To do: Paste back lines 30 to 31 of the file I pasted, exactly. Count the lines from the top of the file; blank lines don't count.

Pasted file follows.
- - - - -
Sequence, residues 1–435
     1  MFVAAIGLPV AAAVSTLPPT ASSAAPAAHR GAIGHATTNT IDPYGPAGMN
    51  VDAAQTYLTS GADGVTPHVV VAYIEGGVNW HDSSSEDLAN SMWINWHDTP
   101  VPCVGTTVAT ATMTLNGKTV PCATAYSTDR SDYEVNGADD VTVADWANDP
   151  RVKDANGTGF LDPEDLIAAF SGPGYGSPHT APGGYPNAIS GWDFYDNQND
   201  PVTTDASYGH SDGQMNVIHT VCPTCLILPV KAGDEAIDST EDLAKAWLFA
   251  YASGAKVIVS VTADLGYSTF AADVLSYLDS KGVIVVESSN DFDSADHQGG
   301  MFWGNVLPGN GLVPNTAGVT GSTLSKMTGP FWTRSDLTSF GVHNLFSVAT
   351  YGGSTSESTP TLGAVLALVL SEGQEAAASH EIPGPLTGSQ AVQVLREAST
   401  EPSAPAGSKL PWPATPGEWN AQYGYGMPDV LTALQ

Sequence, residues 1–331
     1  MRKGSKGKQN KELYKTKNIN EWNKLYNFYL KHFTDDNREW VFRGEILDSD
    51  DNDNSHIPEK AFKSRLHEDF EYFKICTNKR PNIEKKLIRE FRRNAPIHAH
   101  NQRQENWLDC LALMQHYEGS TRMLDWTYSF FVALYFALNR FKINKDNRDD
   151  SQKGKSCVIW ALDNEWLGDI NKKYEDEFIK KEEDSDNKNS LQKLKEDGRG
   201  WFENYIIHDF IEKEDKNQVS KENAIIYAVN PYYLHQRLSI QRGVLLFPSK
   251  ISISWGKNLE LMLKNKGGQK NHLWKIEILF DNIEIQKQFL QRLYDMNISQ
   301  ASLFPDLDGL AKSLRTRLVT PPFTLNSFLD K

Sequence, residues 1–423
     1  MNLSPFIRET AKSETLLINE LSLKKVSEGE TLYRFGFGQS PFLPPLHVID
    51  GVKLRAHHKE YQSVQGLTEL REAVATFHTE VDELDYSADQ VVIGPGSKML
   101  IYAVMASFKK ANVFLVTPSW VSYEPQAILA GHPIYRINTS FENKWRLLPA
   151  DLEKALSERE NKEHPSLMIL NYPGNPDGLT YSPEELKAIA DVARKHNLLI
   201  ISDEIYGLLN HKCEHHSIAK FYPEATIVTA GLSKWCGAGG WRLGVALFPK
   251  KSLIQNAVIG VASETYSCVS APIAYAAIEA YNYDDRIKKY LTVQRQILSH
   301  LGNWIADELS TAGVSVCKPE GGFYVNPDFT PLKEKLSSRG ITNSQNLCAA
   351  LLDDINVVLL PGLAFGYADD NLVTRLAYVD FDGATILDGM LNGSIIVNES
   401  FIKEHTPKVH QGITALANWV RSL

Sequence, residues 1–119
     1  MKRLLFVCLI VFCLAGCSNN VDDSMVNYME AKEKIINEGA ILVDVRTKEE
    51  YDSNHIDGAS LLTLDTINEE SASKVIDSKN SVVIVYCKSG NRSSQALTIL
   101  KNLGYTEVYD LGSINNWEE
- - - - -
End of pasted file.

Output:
     1  MKRLLFVCLI VFCLAGCSNN VDDSMVNYME AKEKIINEGA ILVDVRTKEE
    51  YDSNHIDGAS LLTLDTINEE SASKVIDSKN SVVIVYCKSG NRSSQALTIL